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See how John Carpenter crafted some of film’s creepiest scores

Photo: Xavi Torrent/WireImage
Photo: Xavi Torrent/WireImage

One of the many things that sets John Carpenter apart from other filmmakers is that he scored many of his classic films himself using a bank of analog synthesizers. The eerie soundtracks Carpenter created for films such as Halloween, The Fog, and Assault On Precinct 13 were hugely influential on other film and TV scores, as well as a generation of electronic musicians that followed—as recently heard in the throwback synthwave music Survive’s Kyle Dixon and Michael Stein recorded for Stranger Things.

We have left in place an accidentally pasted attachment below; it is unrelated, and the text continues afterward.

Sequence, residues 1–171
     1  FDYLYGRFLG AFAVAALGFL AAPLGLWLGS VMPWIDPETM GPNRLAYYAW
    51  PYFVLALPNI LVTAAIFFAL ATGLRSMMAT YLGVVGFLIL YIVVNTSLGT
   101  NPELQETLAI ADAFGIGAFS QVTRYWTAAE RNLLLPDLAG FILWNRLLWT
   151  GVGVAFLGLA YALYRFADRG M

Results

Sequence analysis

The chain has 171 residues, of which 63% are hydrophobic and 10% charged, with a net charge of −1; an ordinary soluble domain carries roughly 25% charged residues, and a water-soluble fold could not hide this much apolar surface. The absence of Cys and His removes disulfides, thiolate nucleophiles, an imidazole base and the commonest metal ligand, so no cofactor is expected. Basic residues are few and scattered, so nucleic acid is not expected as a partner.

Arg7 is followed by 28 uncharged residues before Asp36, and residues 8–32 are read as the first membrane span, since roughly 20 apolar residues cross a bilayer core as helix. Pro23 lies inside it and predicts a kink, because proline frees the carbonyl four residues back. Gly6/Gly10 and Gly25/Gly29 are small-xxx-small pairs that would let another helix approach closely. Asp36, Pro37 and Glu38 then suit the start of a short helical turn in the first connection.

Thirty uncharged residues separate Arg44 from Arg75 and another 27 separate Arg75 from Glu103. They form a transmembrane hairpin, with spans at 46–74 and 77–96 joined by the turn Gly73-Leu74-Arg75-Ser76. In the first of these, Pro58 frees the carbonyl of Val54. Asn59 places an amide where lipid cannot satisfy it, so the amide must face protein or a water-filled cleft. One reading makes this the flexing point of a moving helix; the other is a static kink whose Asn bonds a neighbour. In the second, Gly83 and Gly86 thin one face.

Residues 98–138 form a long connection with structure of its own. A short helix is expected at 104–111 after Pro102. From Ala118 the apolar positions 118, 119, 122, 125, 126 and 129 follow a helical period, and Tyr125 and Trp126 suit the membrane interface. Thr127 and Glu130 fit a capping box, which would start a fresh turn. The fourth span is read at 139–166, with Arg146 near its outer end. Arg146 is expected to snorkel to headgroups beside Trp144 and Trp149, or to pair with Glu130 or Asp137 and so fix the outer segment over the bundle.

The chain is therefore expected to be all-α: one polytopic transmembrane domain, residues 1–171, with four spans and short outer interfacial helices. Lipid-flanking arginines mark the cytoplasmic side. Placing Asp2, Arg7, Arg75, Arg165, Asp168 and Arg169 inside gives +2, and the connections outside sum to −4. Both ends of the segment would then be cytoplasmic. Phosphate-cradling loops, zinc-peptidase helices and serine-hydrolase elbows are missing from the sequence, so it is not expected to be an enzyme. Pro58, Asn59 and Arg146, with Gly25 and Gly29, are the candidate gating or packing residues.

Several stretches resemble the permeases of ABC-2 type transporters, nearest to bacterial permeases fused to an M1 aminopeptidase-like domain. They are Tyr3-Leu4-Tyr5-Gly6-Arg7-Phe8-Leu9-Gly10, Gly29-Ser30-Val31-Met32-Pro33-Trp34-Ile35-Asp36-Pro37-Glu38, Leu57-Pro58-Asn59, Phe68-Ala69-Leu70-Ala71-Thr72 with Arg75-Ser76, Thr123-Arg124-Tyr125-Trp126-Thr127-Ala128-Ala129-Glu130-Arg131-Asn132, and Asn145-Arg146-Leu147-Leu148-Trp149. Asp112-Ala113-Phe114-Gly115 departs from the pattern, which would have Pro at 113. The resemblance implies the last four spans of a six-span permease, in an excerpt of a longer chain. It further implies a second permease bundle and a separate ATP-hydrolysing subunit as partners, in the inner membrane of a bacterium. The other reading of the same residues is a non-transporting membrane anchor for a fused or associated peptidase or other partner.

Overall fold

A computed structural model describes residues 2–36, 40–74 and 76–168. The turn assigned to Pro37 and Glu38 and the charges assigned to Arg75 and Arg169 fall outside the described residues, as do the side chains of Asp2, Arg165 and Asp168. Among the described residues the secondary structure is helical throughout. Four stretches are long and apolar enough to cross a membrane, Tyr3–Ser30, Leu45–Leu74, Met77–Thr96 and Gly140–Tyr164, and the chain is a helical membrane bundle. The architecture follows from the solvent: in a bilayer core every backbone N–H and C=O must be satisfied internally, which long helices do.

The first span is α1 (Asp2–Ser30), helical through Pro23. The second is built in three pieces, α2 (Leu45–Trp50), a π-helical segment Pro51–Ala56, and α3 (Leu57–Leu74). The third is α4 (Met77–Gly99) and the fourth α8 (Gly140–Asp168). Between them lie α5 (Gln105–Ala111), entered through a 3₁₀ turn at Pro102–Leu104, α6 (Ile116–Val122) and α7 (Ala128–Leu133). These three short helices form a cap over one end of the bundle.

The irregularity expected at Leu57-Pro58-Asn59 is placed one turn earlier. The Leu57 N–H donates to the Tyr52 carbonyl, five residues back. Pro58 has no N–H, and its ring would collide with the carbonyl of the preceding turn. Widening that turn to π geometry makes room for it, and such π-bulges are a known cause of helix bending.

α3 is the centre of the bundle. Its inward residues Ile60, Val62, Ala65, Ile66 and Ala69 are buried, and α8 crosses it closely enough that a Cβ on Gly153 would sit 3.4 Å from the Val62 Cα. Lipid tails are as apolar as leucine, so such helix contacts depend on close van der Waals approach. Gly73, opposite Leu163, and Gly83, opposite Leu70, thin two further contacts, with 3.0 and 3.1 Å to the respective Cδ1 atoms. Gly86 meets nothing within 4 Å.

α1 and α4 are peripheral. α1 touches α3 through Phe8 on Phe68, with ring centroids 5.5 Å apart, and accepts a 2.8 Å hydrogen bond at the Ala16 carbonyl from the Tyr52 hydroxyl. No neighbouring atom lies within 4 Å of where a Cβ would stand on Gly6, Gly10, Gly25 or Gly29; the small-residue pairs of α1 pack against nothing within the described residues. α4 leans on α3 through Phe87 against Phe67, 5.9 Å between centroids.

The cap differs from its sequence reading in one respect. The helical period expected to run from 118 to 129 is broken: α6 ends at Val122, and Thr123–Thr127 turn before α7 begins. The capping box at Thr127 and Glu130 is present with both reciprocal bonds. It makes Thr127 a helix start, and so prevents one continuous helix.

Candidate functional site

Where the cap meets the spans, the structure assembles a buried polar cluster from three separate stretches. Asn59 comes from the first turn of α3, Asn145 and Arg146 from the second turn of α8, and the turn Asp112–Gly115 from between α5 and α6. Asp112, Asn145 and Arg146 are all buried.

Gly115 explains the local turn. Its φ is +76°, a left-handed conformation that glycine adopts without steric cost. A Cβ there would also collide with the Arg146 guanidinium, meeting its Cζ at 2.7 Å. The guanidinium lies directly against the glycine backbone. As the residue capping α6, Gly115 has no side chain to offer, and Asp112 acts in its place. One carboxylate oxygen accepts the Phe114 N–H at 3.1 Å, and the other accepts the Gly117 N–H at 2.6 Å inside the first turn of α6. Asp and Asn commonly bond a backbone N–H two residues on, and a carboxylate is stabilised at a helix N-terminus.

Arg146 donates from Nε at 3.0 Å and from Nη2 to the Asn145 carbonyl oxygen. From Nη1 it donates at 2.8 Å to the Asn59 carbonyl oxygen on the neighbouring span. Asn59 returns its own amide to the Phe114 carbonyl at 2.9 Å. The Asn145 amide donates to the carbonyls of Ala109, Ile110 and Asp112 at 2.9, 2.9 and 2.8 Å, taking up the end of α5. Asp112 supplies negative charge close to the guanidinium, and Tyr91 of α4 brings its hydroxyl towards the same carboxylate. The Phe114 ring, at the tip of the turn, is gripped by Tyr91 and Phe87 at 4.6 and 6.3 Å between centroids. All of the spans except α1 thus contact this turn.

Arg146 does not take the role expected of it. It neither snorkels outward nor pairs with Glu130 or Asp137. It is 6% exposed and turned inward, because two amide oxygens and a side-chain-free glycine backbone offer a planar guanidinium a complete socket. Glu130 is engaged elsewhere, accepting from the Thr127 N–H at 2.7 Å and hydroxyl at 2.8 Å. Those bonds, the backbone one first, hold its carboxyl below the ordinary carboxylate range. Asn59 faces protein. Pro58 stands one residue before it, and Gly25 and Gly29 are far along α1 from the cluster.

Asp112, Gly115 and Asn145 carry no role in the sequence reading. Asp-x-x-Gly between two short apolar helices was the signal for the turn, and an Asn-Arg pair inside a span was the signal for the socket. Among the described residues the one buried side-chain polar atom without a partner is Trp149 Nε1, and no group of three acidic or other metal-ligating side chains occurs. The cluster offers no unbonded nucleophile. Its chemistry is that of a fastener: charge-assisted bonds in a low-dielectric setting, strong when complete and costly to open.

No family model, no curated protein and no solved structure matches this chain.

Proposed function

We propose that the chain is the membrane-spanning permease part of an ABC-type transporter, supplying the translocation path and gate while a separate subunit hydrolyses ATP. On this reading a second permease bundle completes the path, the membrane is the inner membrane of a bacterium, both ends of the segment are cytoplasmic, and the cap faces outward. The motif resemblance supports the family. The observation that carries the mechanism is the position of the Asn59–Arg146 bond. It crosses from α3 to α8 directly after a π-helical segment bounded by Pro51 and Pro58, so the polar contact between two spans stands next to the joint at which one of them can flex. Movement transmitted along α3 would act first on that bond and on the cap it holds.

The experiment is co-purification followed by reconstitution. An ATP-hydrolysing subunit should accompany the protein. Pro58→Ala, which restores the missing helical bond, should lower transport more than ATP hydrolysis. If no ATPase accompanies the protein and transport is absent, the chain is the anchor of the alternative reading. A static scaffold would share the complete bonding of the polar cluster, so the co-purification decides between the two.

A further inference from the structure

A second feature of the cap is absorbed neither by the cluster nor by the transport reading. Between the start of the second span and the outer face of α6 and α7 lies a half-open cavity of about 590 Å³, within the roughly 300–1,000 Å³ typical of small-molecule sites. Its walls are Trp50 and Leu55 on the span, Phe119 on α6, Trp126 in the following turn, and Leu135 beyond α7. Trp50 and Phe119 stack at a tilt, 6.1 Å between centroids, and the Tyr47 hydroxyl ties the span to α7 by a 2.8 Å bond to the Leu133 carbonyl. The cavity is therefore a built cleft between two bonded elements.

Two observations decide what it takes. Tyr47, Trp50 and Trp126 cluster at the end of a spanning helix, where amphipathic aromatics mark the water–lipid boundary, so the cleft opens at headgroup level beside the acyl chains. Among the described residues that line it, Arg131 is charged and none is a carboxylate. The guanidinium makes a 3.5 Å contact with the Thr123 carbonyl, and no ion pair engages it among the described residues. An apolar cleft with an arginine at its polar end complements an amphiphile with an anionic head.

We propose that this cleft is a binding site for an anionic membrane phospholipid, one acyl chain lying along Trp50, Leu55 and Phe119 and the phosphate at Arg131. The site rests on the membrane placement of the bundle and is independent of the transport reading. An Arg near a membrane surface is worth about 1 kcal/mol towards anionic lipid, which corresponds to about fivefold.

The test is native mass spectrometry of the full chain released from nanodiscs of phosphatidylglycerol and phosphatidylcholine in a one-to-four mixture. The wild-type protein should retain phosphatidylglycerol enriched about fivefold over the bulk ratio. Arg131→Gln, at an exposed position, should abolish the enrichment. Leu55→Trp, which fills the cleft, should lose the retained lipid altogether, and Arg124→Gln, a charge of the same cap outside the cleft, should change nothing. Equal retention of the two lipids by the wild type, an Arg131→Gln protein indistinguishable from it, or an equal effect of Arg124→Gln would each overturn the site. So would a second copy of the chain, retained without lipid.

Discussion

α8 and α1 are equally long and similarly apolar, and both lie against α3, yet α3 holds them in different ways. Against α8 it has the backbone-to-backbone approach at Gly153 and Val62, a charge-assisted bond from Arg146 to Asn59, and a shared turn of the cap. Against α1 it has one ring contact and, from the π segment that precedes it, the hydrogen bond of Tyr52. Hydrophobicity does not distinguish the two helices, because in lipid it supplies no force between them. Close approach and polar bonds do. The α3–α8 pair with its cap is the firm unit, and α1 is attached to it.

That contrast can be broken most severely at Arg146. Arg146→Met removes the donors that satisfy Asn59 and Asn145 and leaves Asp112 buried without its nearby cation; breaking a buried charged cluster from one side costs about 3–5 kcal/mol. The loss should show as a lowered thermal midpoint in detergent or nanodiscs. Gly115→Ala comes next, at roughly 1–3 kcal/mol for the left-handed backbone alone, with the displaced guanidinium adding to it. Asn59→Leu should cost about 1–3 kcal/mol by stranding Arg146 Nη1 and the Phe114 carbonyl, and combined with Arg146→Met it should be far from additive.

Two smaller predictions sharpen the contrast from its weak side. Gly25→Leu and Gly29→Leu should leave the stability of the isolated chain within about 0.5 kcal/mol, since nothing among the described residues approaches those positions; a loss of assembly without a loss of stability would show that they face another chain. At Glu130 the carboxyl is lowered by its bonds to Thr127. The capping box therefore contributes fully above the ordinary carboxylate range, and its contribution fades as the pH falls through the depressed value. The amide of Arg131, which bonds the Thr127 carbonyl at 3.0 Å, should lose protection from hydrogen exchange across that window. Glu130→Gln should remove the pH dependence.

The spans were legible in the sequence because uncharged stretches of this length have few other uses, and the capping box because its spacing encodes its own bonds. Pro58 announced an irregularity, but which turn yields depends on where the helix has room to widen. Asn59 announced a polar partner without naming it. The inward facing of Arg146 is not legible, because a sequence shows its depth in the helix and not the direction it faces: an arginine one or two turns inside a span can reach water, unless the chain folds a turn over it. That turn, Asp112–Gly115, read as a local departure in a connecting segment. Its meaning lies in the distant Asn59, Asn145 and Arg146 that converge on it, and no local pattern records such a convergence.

Just in time for Halloween, Justin DeLay of Reverb has offered up a video tutorial explaining exactly how Carpenter achieved those blood-chilling sounds. The 14-minute video is both a miniature music lesson and a tour through a bunch of old-school gear, like the Ensoniq ESQ-1, a classic Moog synth, and the fabled Prophet-5 and Prophet-10. And because this is a tribute to John Carpenter, Michael Myers shows up a few times to stalk DeLay from a distance—or maybe, like so many these days, he just can’t get enough of those retro horror movie sounds.

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